El Plan de Santa Barbara: Beyond Studying Politics, a Legacy of Activism
Armando Carmona ‘12
The legacy of the Chican@ movement and activism at UCSB grew out of a powerful document written 50 years ago. El Plan de Santa Barbara was, at the time, a radical proposal that combined education, research and political consciousness with the objective to empower and break open a pathway towards higher education for generations to come.
Fernando Negochea, a UCSB Academic Advisor during the late 60’s was one of only a handful of Chican@ administrators and played a pivotal role in the development of El Plan de Santa Barbara. “We called for a program that would incorporate the 3-fold function of the UC system: Teaching, Research and Public Service” he said in an interview. “This is what distinguished the Chicano Studies proposal; the multi-component program that we proposed to UCSB made it distinct and made it much more impactful.”
Born and raised in Calexico, CA, Fernando Negochea couldn’t have imagined the trajectory his political life and academic involvement would take him in. With an academic scholarship to Dartmouth University, graduate school at UCLA and an impactful tenure at UCSB – Fernando was present in some of the nations most pivotal moments in civil rights and social justice history.
As I sat down with him at El Portal, a Yucateco Mexican restaurant tucked away near his home in South Pasadena, he shared vignettes and anecdotes of civil rights-era moments that he not only witnessed or heard about, but directly participated in and led.
“In the year 68, a lot of things were going on. The strike at Berkeley, the strike at San Francisco State, the anti-war protests. We just had the walkouts in East LA. There was burgeoning Chicano Student movement that helped create a context for this key document. There was common purpose, but also a lot of rivalries.” Fernando credits activists such as Rene Nuñez, a heavy hitter in Chicano movement politics in Southern California and Los Angeles, with the idea of holding the statewide conference that brought together student organizations from across the state. The initial conference was well attended and helped articulate the institutionalization of Chicano Studies Programs and Departments.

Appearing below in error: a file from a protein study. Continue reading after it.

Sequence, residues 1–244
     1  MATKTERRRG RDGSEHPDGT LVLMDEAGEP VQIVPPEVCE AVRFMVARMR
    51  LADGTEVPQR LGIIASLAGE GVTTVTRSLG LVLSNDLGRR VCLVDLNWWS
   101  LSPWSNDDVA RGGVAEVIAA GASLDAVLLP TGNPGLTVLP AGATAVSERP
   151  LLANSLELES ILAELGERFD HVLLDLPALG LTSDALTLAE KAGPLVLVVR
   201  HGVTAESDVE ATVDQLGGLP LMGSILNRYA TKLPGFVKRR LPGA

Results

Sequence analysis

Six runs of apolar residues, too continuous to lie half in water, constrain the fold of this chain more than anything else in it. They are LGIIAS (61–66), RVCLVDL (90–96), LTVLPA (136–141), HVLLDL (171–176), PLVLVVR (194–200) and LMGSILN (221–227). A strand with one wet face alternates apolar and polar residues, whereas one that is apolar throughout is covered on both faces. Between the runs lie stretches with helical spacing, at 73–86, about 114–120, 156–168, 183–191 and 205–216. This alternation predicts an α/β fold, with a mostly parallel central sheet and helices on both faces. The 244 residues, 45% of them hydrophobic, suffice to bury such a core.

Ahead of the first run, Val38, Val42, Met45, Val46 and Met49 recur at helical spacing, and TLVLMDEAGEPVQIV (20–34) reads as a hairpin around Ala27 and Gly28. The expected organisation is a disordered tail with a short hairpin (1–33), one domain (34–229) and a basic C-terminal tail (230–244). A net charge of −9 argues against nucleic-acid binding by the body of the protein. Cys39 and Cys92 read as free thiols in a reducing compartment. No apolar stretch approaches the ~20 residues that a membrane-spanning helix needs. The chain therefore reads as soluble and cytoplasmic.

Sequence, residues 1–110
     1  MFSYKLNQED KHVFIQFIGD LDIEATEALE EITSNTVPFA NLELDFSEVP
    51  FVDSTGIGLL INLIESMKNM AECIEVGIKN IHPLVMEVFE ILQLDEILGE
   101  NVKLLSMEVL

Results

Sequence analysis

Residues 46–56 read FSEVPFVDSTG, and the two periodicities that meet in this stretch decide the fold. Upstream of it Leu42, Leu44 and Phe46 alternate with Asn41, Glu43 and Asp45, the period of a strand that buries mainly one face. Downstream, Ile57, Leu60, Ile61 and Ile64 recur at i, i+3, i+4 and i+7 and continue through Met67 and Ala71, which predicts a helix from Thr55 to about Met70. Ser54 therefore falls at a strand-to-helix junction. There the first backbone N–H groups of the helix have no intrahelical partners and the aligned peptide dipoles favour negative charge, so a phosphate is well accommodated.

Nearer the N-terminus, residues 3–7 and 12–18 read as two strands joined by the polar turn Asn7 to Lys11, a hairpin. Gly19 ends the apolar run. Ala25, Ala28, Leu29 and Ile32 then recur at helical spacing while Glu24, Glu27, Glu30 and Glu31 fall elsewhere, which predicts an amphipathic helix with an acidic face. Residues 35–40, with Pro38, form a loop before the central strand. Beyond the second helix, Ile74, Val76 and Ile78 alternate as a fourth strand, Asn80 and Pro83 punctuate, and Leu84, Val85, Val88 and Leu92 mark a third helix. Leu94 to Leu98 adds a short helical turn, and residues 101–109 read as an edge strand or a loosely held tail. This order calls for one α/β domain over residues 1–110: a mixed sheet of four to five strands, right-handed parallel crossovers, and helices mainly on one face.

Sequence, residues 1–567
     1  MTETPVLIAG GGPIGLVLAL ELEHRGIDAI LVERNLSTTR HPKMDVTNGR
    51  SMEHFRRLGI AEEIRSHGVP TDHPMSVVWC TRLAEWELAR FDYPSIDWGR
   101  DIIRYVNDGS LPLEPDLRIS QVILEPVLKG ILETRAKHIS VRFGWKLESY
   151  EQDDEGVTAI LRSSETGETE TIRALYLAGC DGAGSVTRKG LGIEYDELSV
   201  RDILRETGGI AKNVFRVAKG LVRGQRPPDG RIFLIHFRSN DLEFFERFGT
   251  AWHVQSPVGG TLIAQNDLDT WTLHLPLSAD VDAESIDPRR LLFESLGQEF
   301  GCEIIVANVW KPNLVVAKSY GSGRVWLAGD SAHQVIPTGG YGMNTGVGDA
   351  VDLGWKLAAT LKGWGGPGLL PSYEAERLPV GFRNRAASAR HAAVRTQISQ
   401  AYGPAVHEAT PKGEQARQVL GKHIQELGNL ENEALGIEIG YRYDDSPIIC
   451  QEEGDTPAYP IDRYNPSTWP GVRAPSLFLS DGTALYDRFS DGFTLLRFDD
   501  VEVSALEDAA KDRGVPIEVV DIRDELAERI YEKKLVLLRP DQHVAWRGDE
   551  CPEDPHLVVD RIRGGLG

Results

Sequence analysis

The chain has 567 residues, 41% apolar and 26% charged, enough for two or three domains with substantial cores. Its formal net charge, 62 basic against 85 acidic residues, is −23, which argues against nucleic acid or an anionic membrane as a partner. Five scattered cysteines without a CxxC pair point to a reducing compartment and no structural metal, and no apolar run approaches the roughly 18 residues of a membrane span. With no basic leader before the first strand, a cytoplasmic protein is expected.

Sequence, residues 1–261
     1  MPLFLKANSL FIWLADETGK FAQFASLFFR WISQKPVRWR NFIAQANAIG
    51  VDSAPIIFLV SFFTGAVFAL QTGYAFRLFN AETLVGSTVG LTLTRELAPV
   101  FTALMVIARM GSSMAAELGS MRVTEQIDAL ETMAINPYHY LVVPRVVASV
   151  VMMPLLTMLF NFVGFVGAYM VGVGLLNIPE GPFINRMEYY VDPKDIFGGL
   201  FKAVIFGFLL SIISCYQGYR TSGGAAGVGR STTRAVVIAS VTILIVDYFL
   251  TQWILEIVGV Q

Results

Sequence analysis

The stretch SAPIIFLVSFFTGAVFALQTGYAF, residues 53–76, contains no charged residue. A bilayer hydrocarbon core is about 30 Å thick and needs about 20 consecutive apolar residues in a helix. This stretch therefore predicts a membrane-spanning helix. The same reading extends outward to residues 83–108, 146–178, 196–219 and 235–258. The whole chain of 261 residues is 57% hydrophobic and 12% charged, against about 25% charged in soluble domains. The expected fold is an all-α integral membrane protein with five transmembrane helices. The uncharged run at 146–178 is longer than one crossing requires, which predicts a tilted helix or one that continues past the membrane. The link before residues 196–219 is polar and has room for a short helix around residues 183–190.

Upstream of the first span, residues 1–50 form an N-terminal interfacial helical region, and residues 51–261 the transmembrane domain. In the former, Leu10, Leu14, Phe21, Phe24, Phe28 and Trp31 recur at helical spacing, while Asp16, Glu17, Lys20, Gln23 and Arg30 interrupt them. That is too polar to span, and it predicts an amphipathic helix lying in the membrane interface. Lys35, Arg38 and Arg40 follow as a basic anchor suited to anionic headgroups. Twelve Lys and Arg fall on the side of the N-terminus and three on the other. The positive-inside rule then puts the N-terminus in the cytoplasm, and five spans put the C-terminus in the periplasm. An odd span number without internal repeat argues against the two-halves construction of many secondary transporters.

On February 17th 1969, prior to the El Plan conference, students from the United Front took over and occupied the University Center setting up a free-student run university or “liberated zone” which included regular classes on global capitalism and Marxism and theory on revolutions. The United Front was a coalition of the Black Student Union (BSU), the chapter of Students for a Democratic Society (SDS) and the United Mexican American Students (UMAS).
Seen as a response to the inherent limitations that existed within the university system such as bias and discriminatory practices towards students of color it was out of necessity to demand the implantation and complete re-envisioning of how the university engages Chican@ students. Now, UCSB continues to reach major milestones in terms of serving Chican@ students, in the recruitment and retention of Chican@ Latin@ students and ensuring commitment student-led organizing, student centers such as El Centro de Arnulfo Casillas and becoming a Hispanic Serving Institution.
The purpose has always been civic engagement, public service and to share tools and resources with young Chican@s who are fighting for social justice and the rights of their communities. Decades of student activism have created a long list of achievements and initiatives that have shifted the debate around diversity, inclusion, and affirmative action.
In 1994, for example, a hunger strike organized by student activists, many whom were members of El Congreso demanded and successfully achieved the formalization of the Chicano studies department. These struggles among other major breakthroughs are thoroughly represented in Ralph Armbruster-Sandoval’s book (Hungry for Justice - 2017).
For decades student-led groups like El Congreso, among other prominent campus based organizations are a testament to the impact El Plan de Santa Barbara has had and continue to embody the legacy that was once imagined. Now, a movement 50 years in the making continues to demand direct engagement in political movements well beyond the mere study of activism.